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5 Reasons Why Real-Time Feedback Can Make the Difference

CPR Good to Great

Ask "Why" Five Times

The Institute for Healthcare Improvement (IHI) recommends that when a problem presents itself, ask "Why did this happen?" again and again until you reach the root cause.1

When it comes to problems with CPR performance, you might find that your "Why?" trail leads you to a fundamental root cause: lack of real-time feedback during CPR.

Hospitals treat 209,000 cardiac arrests annually with an adult survival rate of 24.8%. Emergency Medical Services treat 350,000 cardiac arrests annually with a survival rate of 12%.2

King County EMS is a shining example of an organization who addressed their "Why?". Their team incorporated real-time feedback during CPR and has since achieved survival rates exceeding 60% - five times the national average in pre-hospital care.

In this article, we share five reasons why real-time feedback can help providers and their organizations go from good to great in delivering CPR.

Those who deliver the best CPR results employ real-time feedback as a means to:

  1. Improve defibrillation success
  2. Maximize perfusion pressure
  3. Adjust for chest stiffness
  4. Ensure engagement and ownership
  5. Continuously improve quality

1. Defibrillation Success

The longer your pre-shock pauses and the shallower your chest compressions, the less likely you will be to achieve defibrillation success. This, of course, applies to a shockable rhythm, VF (ventricular fibrillation) and VT (pulseless ventricular tachycardia).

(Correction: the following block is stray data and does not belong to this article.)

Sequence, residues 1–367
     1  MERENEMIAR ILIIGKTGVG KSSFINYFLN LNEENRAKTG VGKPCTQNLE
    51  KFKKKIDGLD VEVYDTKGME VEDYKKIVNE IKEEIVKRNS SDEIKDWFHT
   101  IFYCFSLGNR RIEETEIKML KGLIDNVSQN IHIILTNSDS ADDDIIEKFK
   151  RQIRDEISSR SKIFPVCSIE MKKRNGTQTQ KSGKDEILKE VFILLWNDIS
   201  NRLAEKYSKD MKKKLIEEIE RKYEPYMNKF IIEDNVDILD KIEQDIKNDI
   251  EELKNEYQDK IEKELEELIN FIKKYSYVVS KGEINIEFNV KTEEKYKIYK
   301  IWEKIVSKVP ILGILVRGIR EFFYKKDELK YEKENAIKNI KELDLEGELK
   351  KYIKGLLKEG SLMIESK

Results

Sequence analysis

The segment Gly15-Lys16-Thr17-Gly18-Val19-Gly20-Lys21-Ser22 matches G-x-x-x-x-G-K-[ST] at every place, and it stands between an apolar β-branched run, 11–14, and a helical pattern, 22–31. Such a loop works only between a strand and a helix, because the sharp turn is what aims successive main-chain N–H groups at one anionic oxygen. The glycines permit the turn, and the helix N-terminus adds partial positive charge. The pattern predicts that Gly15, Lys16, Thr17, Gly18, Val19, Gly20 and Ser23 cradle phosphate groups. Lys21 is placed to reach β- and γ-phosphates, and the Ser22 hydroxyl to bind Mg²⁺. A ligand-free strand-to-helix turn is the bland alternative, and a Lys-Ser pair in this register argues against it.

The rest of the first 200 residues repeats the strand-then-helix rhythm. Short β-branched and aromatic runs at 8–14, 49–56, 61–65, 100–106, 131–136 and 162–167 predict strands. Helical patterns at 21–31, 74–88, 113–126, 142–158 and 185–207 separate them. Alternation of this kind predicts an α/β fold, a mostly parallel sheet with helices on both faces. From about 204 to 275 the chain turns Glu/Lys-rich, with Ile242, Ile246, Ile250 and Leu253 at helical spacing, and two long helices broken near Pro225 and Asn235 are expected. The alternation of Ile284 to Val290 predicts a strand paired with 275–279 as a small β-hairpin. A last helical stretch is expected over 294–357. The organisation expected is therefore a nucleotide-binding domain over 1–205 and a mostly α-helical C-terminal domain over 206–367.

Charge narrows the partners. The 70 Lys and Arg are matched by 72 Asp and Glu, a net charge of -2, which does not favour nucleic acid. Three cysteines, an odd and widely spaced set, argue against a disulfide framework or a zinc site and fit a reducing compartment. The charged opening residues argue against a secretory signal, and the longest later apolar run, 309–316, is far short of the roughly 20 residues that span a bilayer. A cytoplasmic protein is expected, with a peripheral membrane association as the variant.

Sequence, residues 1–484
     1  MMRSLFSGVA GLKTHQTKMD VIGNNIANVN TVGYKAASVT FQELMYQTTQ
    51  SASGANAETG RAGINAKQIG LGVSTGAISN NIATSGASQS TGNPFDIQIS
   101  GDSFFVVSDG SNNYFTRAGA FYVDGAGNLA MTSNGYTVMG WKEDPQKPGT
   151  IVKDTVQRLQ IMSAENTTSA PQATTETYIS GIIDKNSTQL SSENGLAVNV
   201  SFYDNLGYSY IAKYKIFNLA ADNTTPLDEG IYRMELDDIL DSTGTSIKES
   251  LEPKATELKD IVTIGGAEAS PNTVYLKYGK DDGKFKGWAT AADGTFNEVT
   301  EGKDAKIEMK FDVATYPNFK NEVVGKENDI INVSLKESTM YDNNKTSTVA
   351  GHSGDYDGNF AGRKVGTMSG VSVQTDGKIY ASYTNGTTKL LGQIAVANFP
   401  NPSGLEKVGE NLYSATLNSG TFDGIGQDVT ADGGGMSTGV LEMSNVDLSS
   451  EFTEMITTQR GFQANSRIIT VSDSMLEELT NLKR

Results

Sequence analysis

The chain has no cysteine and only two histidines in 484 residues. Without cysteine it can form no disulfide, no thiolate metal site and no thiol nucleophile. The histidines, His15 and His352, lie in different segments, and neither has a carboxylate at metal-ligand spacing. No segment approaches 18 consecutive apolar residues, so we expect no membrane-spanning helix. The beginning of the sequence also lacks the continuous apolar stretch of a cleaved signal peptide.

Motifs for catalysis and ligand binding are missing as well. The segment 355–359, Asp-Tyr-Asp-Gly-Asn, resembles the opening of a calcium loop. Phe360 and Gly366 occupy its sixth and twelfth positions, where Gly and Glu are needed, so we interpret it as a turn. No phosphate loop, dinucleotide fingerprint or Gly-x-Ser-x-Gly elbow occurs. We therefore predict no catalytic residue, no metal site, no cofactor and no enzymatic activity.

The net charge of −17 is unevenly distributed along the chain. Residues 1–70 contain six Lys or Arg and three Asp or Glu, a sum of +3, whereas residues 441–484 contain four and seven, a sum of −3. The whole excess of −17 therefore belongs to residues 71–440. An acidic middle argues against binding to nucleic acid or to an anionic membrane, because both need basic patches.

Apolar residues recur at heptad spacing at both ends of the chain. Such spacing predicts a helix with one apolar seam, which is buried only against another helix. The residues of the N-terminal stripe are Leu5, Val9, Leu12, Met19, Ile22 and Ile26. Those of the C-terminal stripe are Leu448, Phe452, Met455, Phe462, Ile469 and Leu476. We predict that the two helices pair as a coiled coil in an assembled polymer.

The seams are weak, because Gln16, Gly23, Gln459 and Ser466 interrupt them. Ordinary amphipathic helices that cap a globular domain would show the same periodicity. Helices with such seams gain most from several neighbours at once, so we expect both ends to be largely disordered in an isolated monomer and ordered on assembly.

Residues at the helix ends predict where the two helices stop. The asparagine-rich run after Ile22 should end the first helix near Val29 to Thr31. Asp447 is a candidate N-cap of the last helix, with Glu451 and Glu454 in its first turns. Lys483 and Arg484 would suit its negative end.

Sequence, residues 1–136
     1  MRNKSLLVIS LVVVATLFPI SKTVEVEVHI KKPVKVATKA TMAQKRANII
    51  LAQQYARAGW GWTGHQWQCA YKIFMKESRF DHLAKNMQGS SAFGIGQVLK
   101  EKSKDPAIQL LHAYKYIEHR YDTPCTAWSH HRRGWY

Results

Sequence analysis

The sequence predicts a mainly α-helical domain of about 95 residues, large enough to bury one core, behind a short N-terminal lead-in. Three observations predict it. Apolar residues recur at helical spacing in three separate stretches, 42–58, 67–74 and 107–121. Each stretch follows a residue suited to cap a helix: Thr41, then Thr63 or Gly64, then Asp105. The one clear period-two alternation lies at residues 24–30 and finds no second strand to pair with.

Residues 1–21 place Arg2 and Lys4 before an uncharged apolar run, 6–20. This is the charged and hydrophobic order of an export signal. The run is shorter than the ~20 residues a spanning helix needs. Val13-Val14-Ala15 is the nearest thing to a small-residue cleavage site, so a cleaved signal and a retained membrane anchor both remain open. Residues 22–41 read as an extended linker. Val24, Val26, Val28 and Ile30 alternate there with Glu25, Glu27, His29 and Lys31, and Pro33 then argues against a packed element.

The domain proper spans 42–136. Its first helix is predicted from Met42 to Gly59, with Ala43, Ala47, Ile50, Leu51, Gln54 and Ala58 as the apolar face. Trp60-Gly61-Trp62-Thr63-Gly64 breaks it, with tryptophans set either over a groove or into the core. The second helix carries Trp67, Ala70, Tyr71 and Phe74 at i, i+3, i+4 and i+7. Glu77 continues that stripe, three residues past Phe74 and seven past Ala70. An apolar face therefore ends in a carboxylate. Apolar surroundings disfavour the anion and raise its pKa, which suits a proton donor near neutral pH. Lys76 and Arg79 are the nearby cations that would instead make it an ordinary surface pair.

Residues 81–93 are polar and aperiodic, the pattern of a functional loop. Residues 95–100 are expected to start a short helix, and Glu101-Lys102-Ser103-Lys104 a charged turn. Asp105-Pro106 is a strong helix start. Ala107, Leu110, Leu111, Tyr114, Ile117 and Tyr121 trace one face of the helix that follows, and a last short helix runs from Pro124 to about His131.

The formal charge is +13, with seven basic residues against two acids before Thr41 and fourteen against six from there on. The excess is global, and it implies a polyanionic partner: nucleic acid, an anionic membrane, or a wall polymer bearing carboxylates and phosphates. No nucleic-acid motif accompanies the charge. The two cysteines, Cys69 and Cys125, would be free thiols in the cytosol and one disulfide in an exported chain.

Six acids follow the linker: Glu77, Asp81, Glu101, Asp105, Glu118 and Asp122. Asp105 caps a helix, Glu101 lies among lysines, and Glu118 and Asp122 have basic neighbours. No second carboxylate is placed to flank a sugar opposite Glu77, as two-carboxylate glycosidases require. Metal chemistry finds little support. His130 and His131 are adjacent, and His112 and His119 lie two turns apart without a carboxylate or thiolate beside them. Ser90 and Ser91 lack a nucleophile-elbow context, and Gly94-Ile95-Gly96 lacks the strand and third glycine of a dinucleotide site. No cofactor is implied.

This finding comes from a study which concluded that each 5 mm increase in compression depth and each 5 second decrease in pre-shock pause shows a doubled increase in the likelihood of shock success after adjusting for arrest location, age, sex and time to shock.3 However, today’s technology, capable of sensing compression rate and depth, has shown that frequent pauses and shallow compression depth are common in clinical practice.3

The reasons for this may be:
  1. Technique
  2. Stress
  3. Hand hygiene compliance
  4. Loss of situational awareness

Real-time feedback can be used to moderate those factors by guiding a CPR provider at the time those factors start to play their destructive role.

2. Maximizing Perfusion Pressure

Maximizing Coronary Perfusion Pressure (CPP) is the key to patient survival until defibrillation is available. A provider must perform CPR in a way presumed to maximize CPP, the part of normal blood pressure that is specifically responsible for coronary blood flow.

According to the American Heart Association (AHA), monitoring of CPR quality is arguably one of the most significant advances in resuscitation practice in the past 20 years.
The AHA spells out five metrics that better hemodynamics and human survival.4
  1. Chest compression fraction: the proportion of time chest compressions are performed during a cardiac arrest must be: >80%
  2. Chest compression rate: between 100–120 compressions per minute
  3. Chest compression depth: 2–2.4 inches for adults and adolescents
  4. Chest recoil: No residual leaning
  5. Ventilation: Less than 12 breaths per minute, minimal chest rise

Real-time feedback can help CPR providers zero in on the best performance possible to ensure CPR success.

3. Every Patient's Chest is Different

Every chest resistance is different, based on the patient's:

  • 1. Age
  • 2. Gender
  • 3. Physiology